“Where does opal come from?” “Can I ‘rock hunt’ my own?” These are questions frequently asked by new enthusiasts to the gem hobby. It never takes long for the glamour of opal to catch the imagination of the sharp-eyed newcomer or the jewelry designer.
The early Roman reports of the charms of opal were probably inspired by the gems recovered by the famous Hungarian opal mines (World War I revisions placed these mines inside Czechoslovakian boundaries). For several centuries, these mines were the primary source for the opal treasures to the gem coffers of the world. Hungarian opals can still be found in musuems and treasure houses, although there is little or no mining activity from this source now. In the early 1900’s, Australia became the world’s prime producer of gem opals and remains the unchallenged champion today. There are important mining areas in three of the five Australian territories. The most famous of those – which are commercially active today are Lightning Ridge, Coober Pedy, and Andamooka. These Australian fields now produce approximately 90 percent of the world’s gem quality opal. Most of it is the familiar white-based opal. Australia is also famous for other types — black, matrix, boulder, etc. In a future column, we will discuss more fully these various types.
Opal from Brazil has become more important in the past several years, as they have started producing larger quantities of gem quality. We may all hope that that gem rich land will continue and increase in producing opal. The beautiful flame orange and red-based fire opal found only in Mexico has been continually mined there for over 100 years. Many large producing mines have been depleted, but fortunately there have been new mines located with sufficient regularity to produce enough gem quality Mexican opal to make it available in today’s gem market.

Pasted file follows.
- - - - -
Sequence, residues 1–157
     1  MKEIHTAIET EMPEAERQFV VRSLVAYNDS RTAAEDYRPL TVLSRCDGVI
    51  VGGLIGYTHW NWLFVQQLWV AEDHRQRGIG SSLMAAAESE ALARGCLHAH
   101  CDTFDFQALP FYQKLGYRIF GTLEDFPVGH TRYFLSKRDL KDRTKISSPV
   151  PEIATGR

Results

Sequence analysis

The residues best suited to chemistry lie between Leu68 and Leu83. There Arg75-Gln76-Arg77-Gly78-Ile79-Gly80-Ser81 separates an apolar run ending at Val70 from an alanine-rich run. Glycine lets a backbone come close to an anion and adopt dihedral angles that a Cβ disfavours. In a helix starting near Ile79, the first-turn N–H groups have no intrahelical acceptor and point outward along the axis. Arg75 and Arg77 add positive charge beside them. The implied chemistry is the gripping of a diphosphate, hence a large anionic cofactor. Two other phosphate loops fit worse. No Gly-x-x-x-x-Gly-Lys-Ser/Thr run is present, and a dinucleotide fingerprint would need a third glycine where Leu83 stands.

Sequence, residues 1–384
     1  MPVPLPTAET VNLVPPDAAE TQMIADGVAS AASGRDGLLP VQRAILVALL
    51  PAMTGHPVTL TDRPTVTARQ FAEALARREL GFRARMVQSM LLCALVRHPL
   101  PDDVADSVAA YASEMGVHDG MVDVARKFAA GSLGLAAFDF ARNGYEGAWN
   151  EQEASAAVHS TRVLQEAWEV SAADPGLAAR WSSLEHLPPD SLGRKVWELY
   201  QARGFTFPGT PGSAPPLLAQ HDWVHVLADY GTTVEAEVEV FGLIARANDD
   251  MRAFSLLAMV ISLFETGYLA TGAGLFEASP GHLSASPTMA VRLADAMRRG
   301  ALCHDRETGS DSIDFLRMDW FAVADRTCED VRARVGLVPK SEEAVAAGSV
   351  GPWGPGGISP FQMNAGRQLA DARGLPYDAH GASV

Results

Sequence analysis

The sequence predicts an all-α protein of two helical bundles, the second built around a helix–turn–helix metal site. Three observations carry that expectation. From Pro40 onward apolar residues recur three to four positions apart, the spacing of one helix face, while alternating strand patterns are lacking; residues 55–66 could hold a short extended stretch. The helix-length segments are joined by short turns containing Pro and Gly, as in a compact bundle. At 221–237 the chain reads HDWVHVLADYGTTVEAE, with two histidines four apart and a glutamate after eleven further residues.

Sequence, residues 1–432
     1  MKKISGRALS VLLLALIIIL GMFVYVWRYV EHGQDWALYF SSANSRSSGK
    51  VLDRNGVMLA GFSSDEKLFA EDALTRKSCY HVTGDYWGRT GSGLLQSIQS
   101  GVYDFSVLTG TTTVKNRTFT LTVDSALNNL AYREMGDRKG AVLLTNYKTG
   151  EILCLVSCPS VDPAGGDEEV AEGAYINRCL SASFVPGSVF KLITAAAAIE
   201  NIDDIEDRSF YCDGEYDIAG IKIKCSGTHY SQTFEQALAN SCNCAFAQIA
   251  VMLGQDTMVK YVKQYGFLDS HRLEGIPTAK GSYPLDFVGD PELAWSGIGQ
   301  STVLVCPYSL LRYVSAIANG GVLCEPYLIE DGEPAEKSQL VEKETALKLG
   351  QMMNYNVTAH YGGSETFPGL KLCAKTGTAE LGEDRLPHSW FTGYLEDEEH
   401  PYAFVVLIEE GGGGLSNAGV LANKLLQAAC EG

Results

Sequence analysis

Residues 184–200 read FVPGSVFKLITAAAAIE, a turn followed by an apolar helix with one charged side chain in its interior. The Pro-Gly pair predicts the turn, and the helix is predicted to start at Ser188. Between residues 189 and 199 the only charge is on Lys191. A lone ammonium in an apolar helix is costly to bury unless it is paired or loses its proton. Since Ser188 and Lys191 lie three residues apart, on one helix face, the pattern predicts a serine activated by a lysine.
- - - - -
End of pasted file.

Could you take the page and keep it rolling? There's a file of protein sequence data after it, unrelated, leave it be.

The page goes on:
We are also lucky enough to have found fine gem opals in several locations in the United States. So far, there hasn’t been enough of it to rival the commercial mining sources we have mentioned above. The beauty of some of this opal, however, will often rival the finest gem opal found anywhere in the world! Some of the United States locations are (1) Virgin Valley, Nevada (near Denio in Humbolt County, near the Oregon border); there have been several other deposits in northern Nevada; (2) Spencet, Idaho; (3) Red Rock Canyon, California (the Nowak mine, north of the Mojave, in Kern County); and (4) the relatively new find of blue precious opal in Arizona. All of these mines are under claim and worked by the mine owners. Some have made digging arrangements for fees. One can check with the mines for these details.
There have also been precious opals found in a number of other places including: Fort Baynard, New Mexico; Crook County and Lake County, Oregon; near Alpine, Texas:
in Owye County, Nez Perez County, and Latah County in Idaho; near Death Valley, California. Many or most of these finds have been only random pieces or pockets of the gem&, making any commercial production impractical.
The fact that precious gem opal has been found in such divergent areas should certainly be a note of encouragement to the adventurous spirit of all true rock hunters. Most of the precious beauties are no doubt still in the ground probably nearer than you think. It is certainly not out of the realm of possibility that one could find a new deposit. No doubt someone will.
Meanwhile, however, let us be thankful that there are many hardworking miners “noodling” (as the Australian call opal mining) for this queen of gems, and that rough and cut opals abound wherever gems are sold!
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